The Instigator
Con (against)
The Contender
Pro (for)

California's High Speed Rail: Other states should wait.

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Voting Style: Open Point System: 7 Point
Started: 5/26/2017 Category: Places-Travel
Updated: 1 year ago Status: Debating Period
Viewed: 627 times Debate No: 102777
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California's High Speed Rail is an attempt to keep the damage inflicted upon the environment to a minimum. The Authority behind the plans for this project are aiming to have the project use energy from only sustainable resources. Needless to say, it is far from finished, and other states should not wait until the rail is finished before they begin working on similar projects. Because if they do, then the time that would have went to the states doing their own research will be wasted on spectating another state's endeavors.


The California High Speed Rail is a proposal that has already convinced my opponent of its many advantages. Despite the many proposed adavantages offered, my opponent has failed to provide any evidence for the feasibility of such a plan. I do not blame my opponent for this failure due to the California High Speed Rail Authority's inability to provide consistant evidence to the public for the feasibility of such a railway. My case will consist of the intentions, progress, efficiency, consistancy, feasibility, and overall reliability of the California High Speed Rail. The prisms through which I assess the California High Speed Rail are directly perinent to the decision making process Con wishes to impell upon other states.

Contention 1: Intention:
The set of objectives the California High- Speed Authority have put in place for this project includes 1) to create a connection between Anhaim and Los Angeles, 2) to extend the system northward through the Central Valley, than to Sacremento where it will be furthured to San Diego. Current estimates conclude that contstruction of this project will be complete by 2029. Current estimites claim that the train will be capable of traveling 229 miles per hour. Current estimates also claim that by phase 1's completion, 650 million dollars in revenue will be generated. In 2022, C02 emissions will be cut by 200,000 to 600,000 metric tons. A timetable for phase 2 has not been created yet. The train must contain 450 seats. The California government has permitted 60 billion dollars to this project. The reason for why this project has gained so much support is because of how much time would be saved if phase 1 were a success. Currently, it takes 4-6 hours to drive from San Francisco to Las Vegas. The ride itself would cover 520 miles. The California High Speed Rail, if successful, is estimated to mitigate that time to 2 hours and 40 minutes.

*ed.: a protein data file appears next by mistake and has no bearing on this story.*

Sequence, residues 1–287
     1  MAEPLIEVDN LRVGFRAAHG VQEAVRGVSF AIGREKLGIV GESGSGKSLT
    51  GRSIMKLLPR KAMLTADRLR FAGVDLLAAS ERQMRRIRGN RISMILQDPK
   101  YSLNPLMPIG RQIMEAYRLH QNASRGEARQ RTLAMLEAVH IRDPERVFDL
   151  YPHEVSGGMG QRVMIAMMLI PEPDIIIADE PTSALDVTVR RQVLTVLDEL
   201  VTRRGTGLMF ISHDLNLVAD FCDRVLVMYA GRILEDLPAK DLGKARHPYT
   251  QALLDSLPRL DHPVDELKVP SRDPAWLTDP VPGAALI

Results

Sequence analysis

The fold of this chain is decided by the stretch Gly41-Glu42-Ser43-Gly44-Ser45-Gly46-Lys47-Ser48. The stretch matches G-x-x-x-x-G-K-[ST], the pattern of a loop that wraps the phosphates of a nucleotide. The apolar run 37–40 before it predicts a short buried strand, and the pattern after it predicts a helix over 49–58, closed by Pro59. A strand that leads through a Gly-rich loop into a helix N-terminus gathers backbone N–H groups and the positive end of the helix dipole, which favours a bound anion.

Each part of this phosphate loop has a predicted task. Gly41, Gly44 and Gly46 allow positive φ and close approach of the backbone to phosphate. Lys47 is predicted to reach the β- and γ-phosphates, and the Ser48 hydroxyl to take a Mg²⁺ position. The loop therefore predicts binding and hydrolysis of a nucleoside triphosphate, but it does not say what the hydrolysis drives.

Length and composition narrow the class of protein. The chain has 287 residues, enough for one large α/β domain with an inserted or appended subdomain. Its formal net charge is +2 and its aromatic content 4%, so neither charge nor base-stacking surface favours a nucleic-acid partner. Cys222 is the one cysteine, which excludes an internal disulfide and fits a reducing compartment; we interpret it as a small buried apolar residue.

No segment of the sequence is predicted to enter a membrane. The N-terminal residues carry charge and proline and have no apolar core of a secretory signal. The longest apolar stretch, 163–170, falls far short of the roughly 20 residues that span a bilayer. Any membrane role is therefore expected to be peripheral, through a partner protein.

Although the convience of time mitigation seems beneficial, it still does not justify the massive squaderance if 60 billion dollars. Billions of dollars must not be misallocated for the sake of how awe-inspiring a project is. Money does not grow on trees. Money must be allocated towards programs that benefit the majority of people without exhausting and increasing taxes. If the California government and other state governments were allowed to allocate money to any ambitious and big-scale product, than most states would be in debt. The crux of pro's argument would rely upon how beneficial this project would be towards combating climate change. If Pro were to put forth this argument, than he must provide evidence for how feasible the goal is. The assumption that C02 will be reduced so heavily relies upon how many people will use this rail as a mode of transportation. Similar projects were created in Europe which failed to attract as many people as expected. Even if there is a 45% chance that a only a small portion of the California population will use this rail as a mode of transportation, than the California government will not only have misallocated useful 60 billion dollars, but will also have to answer to those who were forced to pay for this plan.

Contention 2: Progress and Reliability
This project began in 2011, and is pojected to be completed by 2029. Progress and reliability go hand in hand due to how variable funding has been for this project.
Reason’s 2008 Due Diligence Report offered the most comprehensive review of the project as of that date and warned: